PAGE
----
Genesis has been around for about six years but it has recently taken the wraps off its first ever dedicated electric vehicle, the GV60, a model built on the same E-GMP platform as the Hyundai Ioniq 5 and the Kia EV6, but with a more exclusive, luxurious twist than the other two.
The Korean company had previously shown its first EV a few months before, the eG80, which was a fully-electric version of its G80 (BMW 5 Series, Mercedes E-Class rival) that was shown in China with a promised 500 km (310 miles) NEDC range. The manufacturer is also working on an EV version of the GV70 SUV, but it looks like that will be its third fully-electric offering to go on sale (it was reportedly pushed back to 2022).
All three of these models will likely be sold in the US where Genesis is really trying to make the brand’s name more well known and popular. And it seems to be working as most models are receiving positive reviews from journalists who are also judging them based on how much they cost, which is usually less compared to rivals from other manufacturers.
Gallery: Genesis GV60
The GV60 and eG80 are currently on sale in the UK and expected to go on sale in the US sometime next year, so even though Genesis is a very young brand compared to most rivals, it wants to be an EV leader. The company announced that it was going to completely ignore the trend among automakers to build plug-in hybrids, in order to focus on EVs and get them out as quickly as possible.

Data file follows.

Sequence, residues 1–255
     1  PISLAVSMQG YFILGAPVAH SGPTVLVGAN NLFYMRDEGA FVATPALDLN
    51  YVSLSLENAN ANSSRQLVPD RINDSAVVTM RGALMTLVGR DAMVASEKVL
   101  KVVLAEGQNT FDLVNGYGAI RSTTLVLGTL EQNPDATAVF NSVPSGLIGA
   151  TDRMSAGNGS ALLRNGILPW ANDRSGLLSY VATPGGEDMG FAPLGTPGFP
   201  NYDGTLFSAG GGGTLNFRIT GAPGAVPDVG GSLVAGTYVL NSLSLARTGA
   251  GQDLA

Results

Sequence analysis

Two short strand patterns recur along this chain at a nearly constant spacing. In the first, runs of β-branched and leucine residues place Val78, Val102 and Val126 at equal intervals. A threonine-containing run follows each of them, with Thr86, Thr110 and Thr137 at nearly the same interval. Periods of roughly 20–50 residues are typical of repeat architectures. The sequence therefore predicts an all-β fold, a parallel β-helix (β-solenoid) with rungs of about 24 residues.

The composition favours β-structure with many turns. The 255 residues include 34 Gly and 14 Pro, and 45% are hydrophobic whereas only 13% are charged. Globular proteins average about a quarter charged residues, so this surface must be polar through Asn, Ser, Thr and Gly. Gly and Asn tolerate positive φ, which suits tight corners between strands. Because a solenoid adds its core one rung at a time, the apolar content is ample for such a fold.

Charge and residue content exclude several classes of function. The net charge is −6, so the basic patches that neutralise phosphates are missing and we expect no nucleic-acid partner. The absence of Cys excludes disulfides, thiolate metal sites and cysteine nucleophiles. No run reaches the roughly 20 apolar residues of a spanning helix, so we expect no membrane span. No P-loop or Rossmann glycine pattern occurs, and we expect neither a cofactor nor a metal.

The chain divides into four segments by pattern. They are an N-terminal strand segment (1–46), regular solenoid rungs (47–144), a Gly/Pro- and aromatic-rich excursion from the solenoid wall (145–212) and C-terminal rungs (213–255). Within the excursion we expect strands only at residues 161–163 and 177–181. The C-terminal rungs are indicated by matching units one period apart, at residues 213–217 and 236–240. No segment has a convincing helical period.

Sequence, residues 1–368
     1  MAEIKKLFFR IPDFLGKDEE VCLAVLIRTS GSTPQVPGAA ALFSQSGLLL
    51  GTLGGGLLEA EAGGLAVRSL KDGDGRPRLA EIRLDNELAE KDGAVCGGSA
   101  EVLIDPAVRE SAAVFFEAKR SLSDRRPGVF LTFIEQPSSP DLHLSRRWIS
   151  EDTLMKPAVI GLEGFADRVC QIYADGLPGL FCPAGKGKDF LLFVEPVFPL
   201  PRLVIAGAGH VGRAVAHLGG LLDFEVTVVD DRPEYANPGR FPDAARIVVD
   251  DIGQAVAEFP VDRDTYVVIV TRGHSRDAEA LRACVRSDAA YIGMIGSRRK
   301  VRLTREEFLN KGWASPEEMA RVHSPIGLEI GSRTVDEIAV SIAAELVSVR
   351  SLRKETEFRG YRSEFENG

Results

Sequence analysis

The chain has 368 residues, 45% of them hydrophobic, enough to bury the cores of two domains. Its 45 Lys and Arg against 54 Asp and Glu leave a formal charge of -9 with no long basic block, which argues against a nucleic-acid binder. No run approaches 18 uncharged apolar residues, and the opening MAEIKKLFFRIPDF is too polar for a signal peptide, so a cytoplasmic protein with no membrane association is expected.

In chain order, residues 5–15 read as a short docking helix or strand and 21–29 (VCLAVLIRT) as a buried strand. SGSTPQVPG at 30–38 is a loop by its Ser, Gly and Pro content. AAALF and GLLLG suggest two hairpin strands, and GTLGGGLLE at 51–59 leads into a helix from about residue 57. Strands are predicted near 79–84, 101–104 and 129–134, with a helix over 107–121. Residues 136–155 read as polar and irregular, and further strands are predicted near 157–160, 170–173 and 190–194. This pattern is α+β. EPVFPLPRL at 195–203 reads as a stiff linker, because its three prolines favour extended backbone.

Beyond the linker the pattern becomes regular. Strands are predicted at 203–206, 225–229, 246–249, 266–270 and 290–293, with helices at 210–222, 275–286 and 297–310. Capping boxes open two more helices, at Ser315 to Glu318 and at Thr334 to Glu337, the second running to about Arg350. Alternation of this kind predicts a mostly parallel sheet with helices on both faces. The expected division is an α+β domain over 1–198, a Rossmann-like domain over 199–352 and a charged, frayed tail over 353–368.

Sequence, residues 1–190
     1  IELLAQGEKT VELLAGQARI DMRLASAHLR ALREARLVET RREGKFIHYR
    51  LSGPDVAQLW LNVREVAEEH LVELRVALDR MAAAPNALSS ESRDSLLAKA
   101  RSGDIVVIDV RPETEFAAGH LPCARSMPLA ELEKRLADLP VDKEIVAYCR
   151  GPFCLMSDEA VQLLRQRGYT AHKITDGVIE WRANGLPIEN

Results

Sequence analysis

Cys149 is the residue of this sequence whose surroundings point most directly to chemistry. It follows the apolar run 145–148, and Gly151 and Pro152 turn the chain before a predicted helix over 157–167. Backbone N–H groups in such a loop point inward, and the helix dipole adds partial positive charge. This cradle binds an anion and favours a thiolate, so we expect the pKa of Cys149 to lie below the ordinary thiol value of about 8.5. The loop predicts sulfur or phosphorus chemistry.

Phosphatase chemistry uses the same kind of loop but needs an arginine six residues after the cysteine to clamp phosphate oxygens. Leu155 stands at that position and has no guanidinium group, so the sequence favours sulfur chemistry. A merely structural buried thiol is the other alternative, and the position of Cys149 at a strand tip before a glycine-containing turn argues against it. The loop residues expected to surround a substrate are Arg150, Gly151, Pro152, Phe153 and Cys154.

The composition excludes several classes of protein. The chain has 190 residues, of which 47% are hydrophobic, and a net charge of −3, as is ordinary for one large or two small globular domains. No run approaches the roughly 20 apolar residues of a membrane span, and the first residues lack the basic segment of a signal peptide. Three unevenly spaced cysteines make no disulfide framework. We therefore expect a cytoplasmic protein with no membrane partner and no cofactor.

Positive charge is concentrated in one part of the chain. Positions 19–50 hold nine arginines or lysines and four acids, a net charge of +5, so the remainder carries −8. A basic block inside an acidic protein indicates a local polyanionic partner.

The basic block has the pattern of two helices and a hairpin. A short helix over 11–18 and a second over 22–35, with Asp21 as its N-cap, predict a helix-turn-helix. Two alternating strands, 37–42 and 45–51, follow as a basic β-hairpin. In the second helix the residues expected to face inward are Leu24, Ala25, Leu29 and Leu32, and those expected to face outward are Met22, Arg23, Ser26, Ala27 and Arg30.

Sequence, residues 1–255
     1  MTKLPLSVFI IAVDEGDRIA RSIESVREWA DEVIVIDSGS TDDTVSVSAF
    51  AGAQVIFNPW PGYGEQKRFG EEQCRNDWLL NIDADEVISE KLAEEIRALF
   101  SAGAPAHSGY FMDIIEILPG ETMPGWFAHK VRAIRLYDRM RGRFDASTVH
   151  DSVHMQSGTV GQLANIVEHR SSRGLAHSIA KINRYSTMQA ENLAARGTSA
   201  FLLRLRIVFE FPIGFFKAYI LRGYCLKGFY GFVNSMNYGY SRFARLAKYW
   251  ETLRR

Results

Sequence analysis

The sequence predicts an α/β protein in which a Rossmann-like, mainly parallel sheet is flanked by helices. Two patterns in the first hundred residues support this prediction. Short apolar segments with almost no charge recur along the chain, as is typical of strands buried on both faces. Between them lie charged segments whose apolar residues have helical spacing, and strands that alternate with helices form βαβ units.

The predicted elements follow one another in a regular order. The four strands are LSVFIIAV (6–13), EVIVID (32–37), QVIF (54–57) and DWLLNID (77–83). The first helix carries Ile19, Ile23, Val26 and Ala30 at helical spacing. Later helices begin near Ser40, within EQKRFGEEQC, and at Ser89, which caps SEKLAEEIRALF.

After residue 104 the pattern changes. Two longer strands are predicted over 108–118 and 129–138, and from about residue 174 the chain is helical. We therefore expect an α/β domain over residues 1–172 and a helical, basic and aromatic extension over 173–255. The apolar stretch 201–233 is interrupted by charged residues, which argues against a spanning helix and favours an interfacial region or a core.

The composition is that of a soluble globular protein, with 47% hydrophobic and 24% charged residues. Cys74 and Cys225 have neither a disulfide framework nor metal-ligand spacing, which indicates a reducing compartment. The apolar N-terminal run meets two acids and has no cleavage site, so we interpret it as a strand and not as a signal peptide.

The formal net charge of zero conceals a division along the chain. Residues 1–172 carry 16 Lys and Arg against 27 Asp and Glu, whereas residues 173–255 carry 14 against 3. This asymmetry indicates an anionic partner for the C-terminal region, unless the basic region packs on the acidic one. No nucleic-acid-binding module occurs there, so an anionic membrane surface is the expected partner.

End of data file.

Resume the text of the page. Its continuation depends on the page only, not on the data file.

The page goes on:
But the GV60 doesn’t feel rushed and, in fact, even though nobody has driven one yet, people are already very excited to experience it, especially after reviews of the related Ioniq 5 and EV6 have proven to be really positive; some reviewers say they are the two best EVs available at the moment, although no everybody seems on-board with that claim.
With the GV60 and eG80 in its lineup in 2022 and the later addition of the eGV70, Genesis will be in a great position to compete with BMW, Mercedes, Audi and other premium automakers, as they don’t have that many EVs on sale right now either, so in other words, the Koreans are trying to leapfrog over some stages (PHEVs being one of them) in order to try to become an EV leader as it tries to better define its image as a distinct automaker.